There has been a lot happening regarding the national and global forces impacting our local real estate market here in Toronto, from the federal election to the debt crisis in China. To that end, we checked in with economist Benjamin Tal, of CIBC World Markets, to see what we should be prepared for in the months to come.
What’s your take on the current inflation rate spike and potential for interest rate increases?
Yes, I think that we have to talk about two different inflation environments. One that we’re seeing now. And this one is, quite frankly, almost much ado about nothing. Most of the increase in inflation that we’re seeing now that captured the headlines is because last year prices were relatively low. So this is really not a real inflation.
And what about the other inflation?
By May 2022, we will hopefully be going back to normal, economically speaking. And remember that there’s a lot of pent-up demand in the system. There’s a lot of money in the system. And you will see an increase in demand especially for services. And that’s where you will see prices rising. That’s when you will see the second wave of inflation.
Will it be temporary as well or different?
This one, in the second half of 2022, will not be as temporary. And, therefore, the reaction by the Bank of Canada and the Fed [the U.S. Federal Reserve System] will be something to watch. I think, given the fact that inflation is a lagging indicator, you want to avoid a situation in which it’s coming too close to you. Because when you chase a lagging indicator by raising interest rates, you raise them too much. So I want to avoid a situation in which the Bank of Canada and the Fed repeat past mistakes. Therefore, I will be supportive. a situation in which interest rates will be rising faster or sooner than perceived. I’m encouraged by the fact that the Bank of Canada is talking about raising interest rates in 2022.
So what should those in the real estate market be looking out for?
It’s very clear to me that the short-term interest rates and the variable rates will remain where we are until the second half of 2022. But then they will start rising. The good news is that, if they start moving early, namely by the third quarter of 2022, and go slowly, they might end up rising much less than if you wait and wait and wait and then they raise in panic. So the number one factor is to focus on inflation. The five-year rate is extremely, extremely cheap. And I suggest that it will not remain so cheap when we wake up and get back to semi-normalcy.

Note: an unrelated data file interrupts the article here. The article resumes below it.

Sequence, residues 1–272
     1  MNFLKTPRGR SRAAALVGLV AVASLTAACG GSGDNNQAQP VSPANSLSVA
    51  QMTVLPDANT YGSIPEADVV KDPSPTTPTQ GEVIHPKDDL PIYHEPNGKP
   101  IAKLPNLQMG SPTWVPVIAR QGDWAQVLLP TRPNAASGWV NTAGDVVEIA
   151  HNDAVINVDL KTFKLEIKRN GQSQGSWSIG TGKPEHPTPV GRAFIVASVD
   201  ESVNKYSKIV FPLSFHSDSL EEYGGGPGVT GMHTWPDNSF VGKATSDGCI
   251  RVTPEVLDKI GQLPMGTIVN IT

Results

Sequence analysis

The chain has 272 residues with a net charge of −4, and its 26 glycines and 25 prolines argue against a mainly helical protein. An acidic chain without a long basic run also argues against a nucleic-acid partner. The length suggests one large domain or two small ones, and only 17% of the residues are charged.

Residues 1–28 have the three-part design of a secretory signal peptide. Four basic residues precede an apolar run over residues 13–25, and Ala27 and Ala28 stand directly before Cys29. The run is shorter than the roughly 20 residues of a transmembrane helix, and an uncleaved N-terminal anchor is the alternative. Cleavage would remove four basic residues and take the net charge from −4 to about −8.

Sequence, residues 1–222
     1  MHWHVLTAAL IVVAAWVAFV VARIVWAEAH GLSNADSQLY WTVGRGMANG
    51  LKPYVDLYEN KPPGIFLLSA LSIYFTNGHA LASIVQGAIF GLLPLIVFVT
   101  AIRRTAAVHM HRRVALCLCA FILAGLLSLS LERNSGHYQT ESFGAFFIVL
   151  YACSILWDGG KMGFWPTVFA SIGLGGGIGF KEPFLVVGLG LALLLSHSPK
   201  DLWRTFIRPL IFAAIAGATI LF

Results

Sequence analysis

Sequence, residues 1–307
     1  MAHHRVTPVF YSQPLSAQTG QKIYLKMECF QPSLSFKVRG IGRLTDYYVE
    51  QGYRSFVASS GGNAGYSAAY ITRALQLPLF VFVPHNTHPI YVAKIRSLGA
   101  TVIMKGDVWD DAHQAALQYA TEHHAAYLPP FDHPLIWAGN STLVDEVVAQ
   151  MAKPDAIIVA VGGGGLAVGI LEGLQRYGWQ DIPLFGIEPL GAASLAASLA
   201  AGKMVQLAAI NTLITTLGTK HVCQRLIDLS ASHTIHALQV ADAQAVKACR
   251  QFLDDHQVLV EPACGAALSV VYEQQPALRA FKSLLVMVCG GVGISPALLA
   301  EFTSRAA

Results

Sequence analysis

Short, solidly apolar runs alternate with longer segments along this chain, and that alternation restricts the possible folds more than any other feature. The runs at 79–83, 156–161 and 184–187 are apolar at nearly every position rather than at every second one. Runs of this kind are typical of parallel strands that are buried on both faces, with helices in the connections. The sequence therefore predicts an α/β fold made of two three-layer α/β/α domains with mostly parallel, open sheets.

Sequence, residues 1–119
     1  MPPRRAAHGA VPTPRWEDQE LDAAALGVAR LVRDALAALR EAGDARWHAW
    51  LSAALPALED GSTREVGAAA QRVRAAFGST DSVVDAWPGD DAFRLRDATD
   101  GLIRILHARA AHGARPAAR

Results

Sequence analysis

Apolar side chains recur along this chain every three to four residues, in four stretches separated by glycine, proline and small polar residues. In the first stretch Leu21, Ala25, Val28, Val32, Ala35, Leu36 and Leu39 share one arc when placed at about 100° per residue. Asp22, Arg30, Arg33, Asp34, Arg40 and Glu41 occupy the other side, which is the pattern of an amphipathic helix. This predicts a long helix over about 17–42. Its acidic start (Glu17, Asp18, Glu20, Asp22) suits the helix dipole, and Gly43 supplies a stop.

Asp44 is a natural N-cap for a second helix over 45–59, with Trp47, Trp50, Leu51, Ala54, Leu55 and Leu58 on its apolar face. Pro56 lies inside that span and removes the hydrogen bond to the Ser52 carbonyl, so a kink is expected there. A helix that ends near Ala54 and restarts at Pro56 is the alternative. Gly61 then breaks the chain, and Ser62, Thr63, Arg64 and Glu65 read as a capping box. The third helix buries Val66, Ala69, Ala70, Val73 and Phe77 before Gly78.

The Liberals floated the idea of a ban on foreign buyers of domestic real estate for a couple of years. Thoughts?
Yeah, I’m not surprised by it. Other cities did it. Toronto and Vancouver already did it, and it did not change the dynamics in a very significant way. The issue is not foreign investment, which is one issue out of many. The number one issue facing the real estate environment is the lack of supply. We all know that what the government is proposing to do is basically dealing with some demand issues now and talking about supply issues later. I’m encouraged by the fact that for the first time, I think ever, the government is talking about supply issues as the number one factor. But if you look at the proposals, they are not very specific. They are much more specific when it comes to stimulating demand in the short term. So ironically, what the government will be doing over the next two to three years would in fact stimulate demand and make the situation a bit more difficult before the supply issue kicks in. And it’s far from clear what the supply measures will be.